CONCORD, N.C. — GM Defense [GM] is lining up partners and ensuring it has the full supply chain of parts necessary to compete for the Army’s follow-on production contract for the Joint Light Tactical Vehicle, a company official told
Rick Kewley, GM Defense’s chief engineer, said the company is in the process of working through the Technical Data Package (TDP) for JLTV, owned by the Army and not Oshkosh Defense [OSK], which builds the current platform, as it looks to take apart the vehicle and study how to piece it back together.
“Building and manufacturing the JLTV plays right into General Motors’ wheelhouse for where we have capability and where we can bring advanced quality and advanced manufacturing to the military market,” Kewley said. “We’re lining up partners to round out our business to make sure that we have all the capability that it takes to prove out the total vehicle.”
While Kewley said he could not disclose any specific partners as of now, he noted GM Defense is locking down the supply chain necessary to replicate the current JLTV design through its own manufacturing process.
“The tear down and build up of the vehicle is something that we will certainly be able to figure out and put together in a General Motors build process, and employ our own best practices through that. The hardest part is ensuring we can, from each of the existing suppliers, source and use the carryover parts. Those are complicated parts with complex integration. A ‘build-to-print’ data package isn’t really the total story on a specific part,” Kewley said.
The Army has laid out plans to competitively award the JLTV follow-on production deal, likely in 2022, as it looks to drive down production costs while deviating as little as possible from the current vehicle design (Defense Daily, Feb. 18 2020).
Kewley noted the focus on sticking with the current design lends an advantage to the incumbent, noting the challenge of having to seek out highly specific parts that are not readily available and may need to be redesigned for the manufacturing process.
“When you have to go and redesign that in the timeframe that exists between now and the RFP, that really turns into a significant demerit for anybody but the incumbent. So, we’re looking into getting all of the supply chain pieces for this vehicle, as ownership of the TDP would imply, but replicating that is more than the data,” Kewley said.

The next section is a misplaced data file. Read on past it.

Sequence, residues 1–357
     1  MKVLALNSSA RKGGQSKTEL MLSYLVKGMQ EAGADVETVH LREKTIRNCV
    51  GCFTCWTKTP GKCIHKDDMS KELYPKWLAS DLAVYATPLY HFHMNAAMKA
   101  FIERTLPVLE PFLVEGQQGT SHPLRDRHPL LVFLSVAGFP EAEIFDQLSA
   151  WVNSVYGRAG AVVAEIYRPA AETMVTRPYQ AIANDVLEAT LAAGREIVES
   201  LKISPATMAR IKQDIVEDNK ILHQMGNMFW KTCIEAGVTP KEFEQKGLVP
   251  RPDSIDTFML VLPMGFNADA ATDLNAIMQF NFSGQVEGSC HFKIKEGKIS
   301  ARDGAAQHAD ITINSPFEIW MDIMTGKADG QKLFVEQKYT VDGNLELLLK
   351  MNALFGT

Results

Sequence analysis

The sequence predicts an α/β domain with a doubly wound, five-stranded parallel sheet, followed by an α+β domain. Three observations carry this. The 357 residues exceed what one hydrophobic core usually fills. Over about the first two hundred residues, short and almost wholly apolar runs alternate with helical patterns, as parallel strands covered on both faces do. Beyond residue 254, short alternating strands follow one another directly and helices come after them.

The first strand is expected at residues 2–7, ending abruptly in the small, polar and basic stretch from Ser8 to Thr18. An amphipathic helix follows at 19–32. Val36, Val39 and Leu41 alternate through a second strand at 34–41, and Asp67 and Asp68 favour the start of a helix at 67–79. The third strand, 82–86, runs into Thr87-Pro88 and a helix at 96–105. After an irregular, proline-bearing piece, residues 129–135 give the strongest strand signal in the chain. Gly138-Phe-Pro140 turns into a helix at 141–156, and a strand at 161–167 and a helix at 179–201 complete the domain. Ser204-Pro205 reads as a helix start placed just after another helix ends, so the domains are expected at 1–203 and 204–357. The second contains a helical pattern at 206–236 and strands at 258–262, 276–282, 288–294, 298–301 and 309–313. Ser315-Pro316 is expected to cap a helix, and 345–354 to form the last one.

George Mansfield, Oshkosh Defense’s vice president and general manager for joint programs, told Defense Daily in February he was confident in the ability to secure the follow-on deal following an announcement of the company building the 10,000th JLTV (Defense Daily, Feb. 9).
“Since winning the JLTV contract in 2015, we knew we’d have to win it again. Oshkosh Defense is the proven partner of our U.S. military customer, and we’re building a great vehicle at a great cost,” Mansfield said at the time. “In order to win again, we’ve matured the manufacturing process, built a robust supply chain and maximized efficiencies. We’re confident in our ability to continue to deliver unmatched protection and off-road mobility at an affordable cost for many years to come.”
Kewley said adding the JLTV along with the company’s current work producing the Army’s new Infantry Squad Vehicle (ISV) would cement GM Defense as a primary vehicle producer for the U.S. military since reentering the defense market in 2017.
“In terms of volume and total award package size, it’s dramatic. It really brings another player into the defense tactical wheeled vehicle market. The ISV is an important program to us and we’re going to work through this initial fielding and I can see this vehicle being a mainstay [platform] for the U.S. military far into the future. We’d like to add to that with JLTV,” Kewley said.